Sudden Cardiac Arrest

Sudden cardiac arrest (SCA) is the natural death from cardiac causes, heralded by abrupt loss of consciousness within one hour of the onset of acute symptoms.

How is sudden cardiac arrest different from a heart attack?

SCA is one of the ways in which a heart attack presents. It is thought that in fact about half of heart attack victims present with SCA. The other victims present with the more familiar symptoms of chest pain, chest tightness, breathlessness, cold sweats, nausea etc.

What are the symptoms of sudden cardiac arrest?

SCA can be preceded by the more classical symptoms of a heart attack which then rapidly progress into abrupt collapse and loss of consciousness. However, premonitory symptoms may be absent or may be nonspecific.

What are the risk factors of sudden cardiac arrest?

About 80% of SCA is due to coronary heart disease (CHD). Since this is a condition whose incidence increases with age. SCA is more likely to be due to CHD in older patients. SCA is particularly likely to occur the more severe the CHD, the greater the number of coronary arteries affected and especially where the main trunk of the left coronary artery is obstructed (sometimes called the “widow maker’s disease). SCA risk also is higher in those who have previously had a heart attack resulting in extensive heart muscle damage and heart failure.

Since CHD is the commonest underlying cause of SCA the risk factors would be those which cause atherosclerosis, the disease process which results in CHD. These include age, smoking, high BP, high cholesterol, diabetes, obesity, sedentary lifestyle, stress as well as family history.

In younger patients in whom CHD is less frequent other causes which may have a genetic basis may be present. These conditions include abnormalities of the electrical system of the heart eg the “long QT interval syndromes”, Brugada syndrome ; abnormalities of the heart muscle eg hypertrophic cardiomyopathy, various forms of congenital heart disease (“hole-in-the-heart”, “blue babies”), various types of heart valve disease.

Can sudden cardiac arrest be prevented? Should I be going for tests to find out if I have a heart defect that will eventually lead to sudden cardiac arrest?

The risk of SCA can be reduced by reducing the risk of CHD, screening for CHD risk factors and effective control of these factors e.g. high BP, high cholesterol etc. In those with known CHD various types of tests can be conducted to identify those at higher risk of heart attack and sudden cardiac arrest. These tests include ECG, exercise or other types of stress tests, echocardiography, imaging techniques e.g. CT scans, isotope scans, coronary angiography.

Those at higher risk may be treated with medications, angioplasty, pacemakers or implantable defibrillators.

In younger individuals those with a family history of SCA or other types of heart disease affecting younger members of the family may be screened by a doctor and referred if there are suggestive signs e.g. an abnormal ECG.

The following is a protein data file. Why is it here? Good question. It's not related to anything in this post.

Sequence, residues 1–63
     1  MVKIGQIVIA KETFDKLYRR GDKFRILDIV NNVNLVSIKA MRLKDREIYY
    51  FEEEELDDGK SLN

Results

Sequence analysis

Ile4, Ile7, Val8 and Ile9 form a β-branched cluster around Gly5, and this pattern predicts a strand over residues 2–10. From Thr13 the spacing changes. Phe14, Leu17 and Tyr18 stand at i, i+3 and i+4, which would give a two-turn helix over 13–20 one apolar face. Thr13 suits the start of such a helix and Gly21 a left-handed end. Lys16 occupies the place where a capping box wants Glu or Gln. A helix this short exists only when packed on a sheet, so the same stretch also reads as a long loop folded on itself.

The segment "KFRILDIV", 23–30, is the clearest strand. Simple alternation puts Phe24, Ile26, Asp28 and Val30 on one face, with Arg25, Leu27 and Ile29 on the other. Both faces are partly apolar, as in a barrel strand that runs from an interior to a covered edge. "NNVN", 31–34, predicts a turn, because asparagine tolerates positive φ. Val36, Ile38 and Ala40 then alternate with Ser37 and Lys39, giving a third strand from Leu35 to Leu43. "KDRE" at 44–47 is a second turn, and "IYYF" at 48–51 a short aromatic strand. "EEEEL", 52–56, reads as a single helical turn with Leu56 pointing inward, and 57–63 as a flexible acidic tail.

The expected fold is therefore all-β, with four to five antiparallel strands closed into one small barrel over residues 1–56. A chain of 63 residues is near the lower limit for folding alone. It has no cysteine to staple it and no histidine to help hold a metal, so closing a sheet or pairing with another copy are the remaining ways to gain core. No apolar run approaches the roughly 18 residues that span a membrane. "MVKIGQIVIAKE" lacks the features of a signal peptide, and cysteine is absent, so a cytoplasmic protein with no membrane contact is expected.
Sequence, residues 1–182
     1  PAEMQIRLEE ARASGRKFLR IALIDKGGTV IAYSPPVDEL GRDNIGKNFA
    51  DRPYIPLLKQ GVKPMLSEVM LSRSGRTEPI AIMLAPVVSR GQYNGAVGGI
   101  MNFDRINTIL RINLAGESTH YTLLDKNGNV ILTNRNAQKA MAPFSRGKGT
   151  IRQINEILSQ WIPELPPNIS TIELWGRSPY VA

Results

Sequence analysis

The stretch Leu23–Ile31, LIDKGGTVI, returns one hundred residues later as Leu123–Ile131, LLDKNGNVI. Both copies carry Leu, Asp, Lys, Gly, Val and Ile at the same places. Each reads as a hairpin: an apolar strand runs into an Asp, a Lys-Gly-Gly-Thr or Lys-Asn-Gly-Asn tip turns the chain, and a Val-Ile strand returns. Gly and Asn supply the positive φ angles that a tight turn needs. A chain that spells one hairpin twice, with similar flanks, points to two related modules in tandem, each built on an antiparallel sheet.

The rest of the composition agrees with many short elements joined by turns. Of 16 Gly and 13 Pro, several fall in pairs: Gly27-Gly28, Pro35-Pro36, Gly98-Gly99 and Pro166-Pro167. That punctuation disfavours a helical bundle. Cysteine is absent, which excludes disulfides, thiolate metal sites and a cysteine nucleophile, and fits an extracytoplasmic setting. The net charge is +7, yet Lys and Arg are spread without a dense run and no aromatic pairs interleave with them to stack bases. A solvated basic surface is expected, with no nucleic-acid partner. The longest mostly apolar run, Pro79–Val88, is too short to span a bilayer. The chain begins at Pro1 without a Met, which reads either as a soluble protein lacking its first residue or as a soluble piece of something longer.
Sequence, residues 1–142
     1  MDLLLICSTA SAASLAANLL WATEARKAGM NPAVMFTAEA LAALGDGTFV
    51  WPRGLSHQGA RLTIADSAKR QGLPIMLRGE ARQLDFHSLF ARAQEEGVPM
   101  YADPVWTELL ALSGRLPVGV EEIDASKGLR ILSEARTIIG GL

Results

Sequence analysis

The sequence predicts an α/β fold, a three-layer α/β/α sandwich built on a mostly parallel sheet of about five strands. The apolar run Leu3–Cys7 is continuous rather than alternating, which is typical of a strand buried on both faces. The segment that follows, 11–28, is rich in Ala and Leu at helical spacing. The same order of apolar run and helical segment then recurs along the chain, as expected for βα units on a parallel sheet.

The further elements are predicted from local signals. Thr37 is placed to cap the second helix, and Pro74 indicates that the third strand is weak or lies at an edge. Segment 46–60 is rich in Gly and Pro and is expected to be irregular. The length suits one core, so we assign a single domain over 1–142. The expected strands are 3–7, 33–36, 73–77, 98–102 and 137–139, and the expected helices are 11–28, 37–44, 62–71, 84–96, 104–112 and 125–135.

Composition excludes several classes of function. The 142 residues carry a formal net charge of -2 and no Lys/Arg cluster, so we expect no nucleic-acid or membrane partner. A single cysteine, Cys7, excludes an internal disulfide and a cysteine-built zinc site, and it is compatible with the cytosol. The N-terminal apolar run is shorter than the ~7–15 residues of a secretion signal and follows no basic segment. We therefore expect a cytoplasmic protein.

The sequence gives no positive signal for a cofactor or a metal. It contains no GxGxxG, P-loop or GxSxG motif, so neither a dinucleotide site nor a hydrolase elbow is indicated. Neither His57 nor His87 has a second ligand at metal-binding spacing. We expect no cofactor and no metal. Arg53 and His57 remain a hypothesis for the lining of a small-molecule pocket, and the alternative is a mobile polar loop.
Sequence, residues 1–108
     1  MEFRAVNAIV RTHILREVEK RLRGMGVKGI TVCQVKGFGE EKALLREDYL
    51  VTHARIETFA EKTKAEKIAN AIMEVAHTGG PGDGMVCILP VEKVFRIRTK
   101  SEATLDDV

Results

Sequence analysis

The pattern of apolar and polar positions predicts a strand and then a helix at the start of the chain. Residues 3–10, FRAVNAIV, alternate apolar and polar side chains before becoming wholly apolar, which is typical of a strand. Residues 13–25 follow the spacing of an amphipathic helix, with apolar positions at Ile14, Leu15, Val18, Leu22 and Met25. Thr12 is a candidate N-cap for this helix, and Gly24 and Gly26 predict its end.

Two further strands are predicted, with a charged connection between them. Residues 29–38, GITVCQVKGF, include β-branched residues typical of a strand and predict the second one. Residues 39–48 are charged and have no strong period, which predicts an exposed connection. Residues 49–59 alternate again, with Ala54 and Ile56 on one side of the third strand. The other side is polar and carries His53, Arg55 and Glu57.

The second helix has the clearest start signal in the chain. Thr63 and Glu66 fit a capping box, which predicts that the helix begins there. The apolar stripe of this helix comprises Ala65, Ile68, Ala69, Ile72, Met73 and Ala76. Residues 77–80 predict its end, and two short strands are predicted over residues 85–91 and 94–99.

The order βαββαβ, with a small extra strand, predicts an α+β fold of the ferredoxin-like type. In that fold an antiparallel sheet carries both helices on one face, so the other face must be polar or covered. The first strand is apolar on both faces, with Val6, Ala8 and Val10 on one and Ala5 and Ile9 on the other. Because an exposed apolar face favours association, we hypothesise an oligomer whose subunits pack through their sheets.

Individuals planning to participate in strenuous exercise should have a medical examination which may include an ECG, a stress test (e.g. a treadmill test), and other types of cardiac examination.

What causes sudden cardiac arrest?

The immediate cause of SCA is often a sudden development of an abnormal rhythm of the heart called ventricular fibrillation (VF) in which there is chaotic electrical activity without mechanical contraction so that there is rapid cessation of blood circulation. VF can be preceded by ventricular tachycardia (VT) where there is a rapid heart rate eg 200 beats per minute but blood pressure may be very low.

What is the treatment for sudden cardiac arrest?

Since VF is usually present, the most effective treatment is the use of an electrical medical device called a defibrillator which delivers an electrical shock through the chest. However since a defibrillator may not be immediately available, CPR (cardiopulmonary resuscitation) should be immediately initiated to maintain circulation and ventilation until medical help arrives. Many ambulances now carry defibrillators and are manned by personnel trained in CPR and defibrillation.

All individuals especially those who are likely to witness SCA including family members of patients who have CHD or other types of heart disease with increased risk of SCA should be encouraged to learn CPR. Laypersons can also be trained to use a semi-automatic defibrillator. Many airlines now have these devices on board their aircraft. It would be advisable for those organising sports events to check whether the medical services on standby have this device.

Will a GP be able to tell if I am suffering from sudden cardiac arrest? How?

SCA is often quite obvious because the victim collapses, rapidly loses consciousness, and eventually becomes pulseless when the heart stops. SCA can occur anywhere. Diagnosis cannot wait for a doctor to be called unless he or she is fortuitously present.

Should I suffer from sudden cardiac arrest, what is the “golden period” in which I should be resuscitated and treated in order to have a quality life, post sudden cardiac arrest?

Resuscitation of SCA or any other form of cardiopulmonary arrest should be initiated within 4 minutes, as any delay beyond this period may result in permanent brain as well as cardiac damage. The chances of effective resuscitation also rapidly decrease the longer the delay before it is initiated.